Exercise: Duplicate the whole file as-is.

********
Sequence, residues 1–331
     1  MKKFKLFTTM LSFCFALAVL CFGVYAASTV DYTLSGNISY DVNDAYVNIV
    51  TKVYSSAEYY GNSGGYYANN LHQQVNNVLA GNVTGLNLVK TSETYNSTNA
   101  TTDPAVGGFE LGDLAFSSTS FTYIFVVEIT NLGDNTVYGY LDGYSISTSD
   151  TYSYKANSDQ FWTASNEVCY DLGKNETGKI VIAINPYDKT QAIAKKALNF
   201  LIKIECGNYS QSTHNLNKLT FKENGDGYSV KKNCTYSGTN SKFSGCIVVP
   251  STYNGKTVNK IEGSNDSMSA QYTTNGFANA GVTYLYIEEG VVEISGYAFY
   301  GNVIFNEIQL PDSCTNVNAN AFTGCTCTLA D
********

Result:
Sequence, residues 1–331
     1  MKKFKLFTTM LSFCFALAVL CFGVYAASTV DYTLSGNISY DVNDAYVNIV
    51  TKVYSSAEYY GNSGGYYANN LHQQVNNVLA GNVTGLNLVK TSETYNSTNA
   101  TTDPAVGGFE LGDLAFSSTS FTYIFVVEIT NLGDNTVYGY LDGYSISTSD
   151  TYSYKANSDQ FWTASNEVCY DLGKNETGKI VIAINPYDKT QAIAKKALNF
   201  LIKIECGNYS QSTHNLNKLT FKENGDGYSV KKNCTYSGTN SKFSGCIVVP
   251  STYNGKTVNK IEGSNDSMSA QYTTNGFANA GVTYLYIEEG VVEISGYAFY
   301  GNVIFNEIQL PDSCTNVNAN AFTGCTCTLA D